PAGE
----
Penn State New Kensington prepares for 21st annual Holocaust program
As Lois Rubin, associate professor of history at Penn State New Kensington, prepares for the school's 21st annual Holocaust program, she describes herself as lucky.
The Jewish professor, who lives in Pittsburgh's Squirrel Hill neighborhood, credits her birth in the United States, rather than her grandparents' home in Europe, for saving her life.
“I was born in the early 1940s, and I always see myself through the lens of what if I had been born in Europe,” she said. “I probably would not have survived. There were 1.5 million Jewish children who were killed there.”
That gratefulness has inspired her to bring Holocaust survivors to Penn State New Kensington, where she has been teaching composition for 29 years. There has been a scant number of Jewish students at PSNK, Rubin said.
“I was nervous about it because we didn't have Jewish students, but it was so well received, and that's why I continued,” she said. “I never thought of stopping.”
She said that another motivation is the persistence of the Holocaust deniers, “who would want to undermine what has happened.”
Rubin knows how rich the survivor stories are firsthand: She ran two writing workshops for local Holocaust survivors to pen their memoirs in the Oxford University Press 2002 book “Flares of Memory.”
“They had powerful stories to tell,” she said. “They just needed help in constructing them. It was one of the most satisfying experiences I have had.”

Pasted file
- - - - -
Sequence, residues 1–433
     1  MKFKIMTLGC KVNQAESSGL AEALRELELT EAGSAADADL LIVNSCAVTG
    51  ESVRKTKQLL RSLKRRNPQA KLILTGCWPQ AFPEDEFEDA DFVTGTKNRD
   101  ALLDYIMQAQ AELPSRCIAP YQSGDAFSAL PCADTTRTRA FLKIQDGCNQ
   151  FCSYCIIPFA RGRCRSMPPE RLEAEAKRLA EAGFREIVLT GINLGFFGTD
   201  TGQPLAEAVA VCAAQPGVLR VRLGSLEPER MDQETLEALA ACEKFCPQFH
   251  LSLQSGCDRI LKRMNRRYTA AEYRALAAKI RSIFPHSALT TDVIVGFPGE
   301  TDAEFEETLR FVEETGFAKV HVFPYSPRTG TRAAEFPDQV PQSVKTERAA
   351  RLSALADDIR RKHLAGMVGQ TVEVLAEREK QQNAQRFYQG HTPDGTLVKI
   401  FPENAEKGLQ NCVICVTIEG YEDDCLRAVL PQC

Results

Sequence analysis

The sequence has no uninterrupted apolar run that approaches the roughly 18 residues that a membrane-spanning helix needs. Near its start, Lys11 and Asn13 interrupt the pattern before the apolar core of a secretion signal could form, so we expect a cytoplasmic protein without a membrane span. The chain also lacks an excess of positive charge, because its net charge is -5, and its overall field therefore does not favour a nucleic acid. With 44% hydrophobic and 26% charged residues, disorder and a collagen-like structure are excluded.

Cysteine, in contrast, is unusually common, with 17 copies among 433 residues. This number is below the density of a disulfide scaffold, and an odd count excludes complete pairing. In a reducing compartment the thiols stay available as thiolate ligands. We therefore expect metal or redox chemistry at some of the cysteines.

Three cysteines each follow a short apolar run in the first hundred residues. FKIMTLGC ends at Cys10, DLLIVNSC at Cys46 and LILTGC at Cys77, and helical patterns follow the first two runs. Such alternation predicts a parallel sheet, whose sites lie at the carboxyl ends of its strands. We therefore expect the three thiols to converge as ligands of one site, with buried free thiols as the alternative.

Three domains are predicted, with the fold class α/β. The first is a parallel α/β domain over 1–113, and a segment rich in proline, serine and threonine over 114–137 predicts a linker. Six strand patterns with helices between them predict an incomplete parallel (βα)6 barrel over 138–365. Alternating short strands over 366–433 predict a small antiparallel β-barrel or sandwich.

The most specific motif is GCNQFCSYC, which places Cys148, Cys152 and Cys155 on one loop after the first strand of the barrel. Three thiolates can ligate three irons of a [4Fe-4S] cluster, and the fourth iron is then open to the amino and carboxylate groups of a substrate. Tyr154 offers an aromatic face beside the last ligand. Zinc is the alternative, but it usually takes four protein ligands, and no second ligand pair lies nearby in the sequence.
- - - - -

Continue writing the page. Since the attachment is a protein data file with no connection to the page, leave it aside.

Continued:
Many of the Holocaust survivors have died. The youngest who can remember were born in the 1930s, putting them in the 80-plus age bracket.
Wednesday's presentation by Moshe Baran, marks the first time that a resistance fighter has been a part of PSNK's Holocaust program.
Baran, 92, of Pittsburgh escaped a Nazi labor camp in what is now the Republic of Belarus, a former Soviet republic. He hid in the forest and joined the resistance movement, helping with sabotage and ambush operations.
As part of the resistance, Baran arranged for the rescue of his brother, sister and mother, all of whom survived. He married another survivor, Malka Klin, and the couple immigrated to New York City in 1954.
Baran is past president of the Holocaust Survivors of Pittsburgh.
He's been telling his story for a number of years in books as well as The Jewish Chronicle newspaper.
“The Holocaust is a stain of blood and shame on humanity,” he said, “If we don't tell the stories, who will?”
As Baran was part of the resistance movement, he takes issue with people who balk at what some consider the Jewish people's lack of resistance and the Nazis' process of breaking people down.
“Who did they expect to resist?” asked Baran as he remembered his home village of Holodok, Poland, as a place where people didn't have weapons, didn't see weapons.
The Nazis “put you in a ghetto, they isolated you from your surroundings,” he said. “You are hungry and depressed. You expect your demise at any minute. It was a process.